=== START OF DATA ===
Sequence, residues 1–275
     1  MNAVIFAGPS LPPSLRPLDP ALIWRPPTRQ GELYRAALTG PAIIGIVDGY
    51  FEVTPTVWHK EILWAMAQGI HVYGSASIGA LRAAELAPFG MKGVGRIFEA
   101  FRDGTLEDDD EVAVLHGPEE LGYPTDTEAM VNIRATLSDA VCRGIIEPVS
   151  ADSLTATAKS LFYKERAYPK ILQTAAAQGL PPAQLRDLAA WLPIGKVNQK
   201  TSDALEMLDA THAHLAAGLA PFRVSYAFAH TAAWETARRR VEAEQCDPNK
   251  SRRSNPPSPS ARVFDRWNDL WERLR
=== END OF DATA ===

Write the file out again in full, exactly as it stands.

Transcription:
Sequence, residues 1–275
     1  MNAVIFAGPS LPPSLRPLDP ALIWRPPTRQ GELYRAALTG PAIIGIVDGY
    51  FEVTPTVWHK EILWAMAQGI HVYGSASIGA LRAAELAPFG MKGVGRIFEA
   101  FRDGTLEDDD EVAVLHGPEE LGYPTDTEAM VNIRATLSDA VCRGIIEPVS
   151  ADSLTATAKS LFYKERAYPK ILQTAAAQGL PPAQLRDLAA WLPIGKVNQK
   201  TSDALEMLDA THAHLAAGLA PFRVSYAFAH TAAWETARRR VEAEQCDPNK
   251  SRRSNPPSPS ARVFDRWNDL WERLR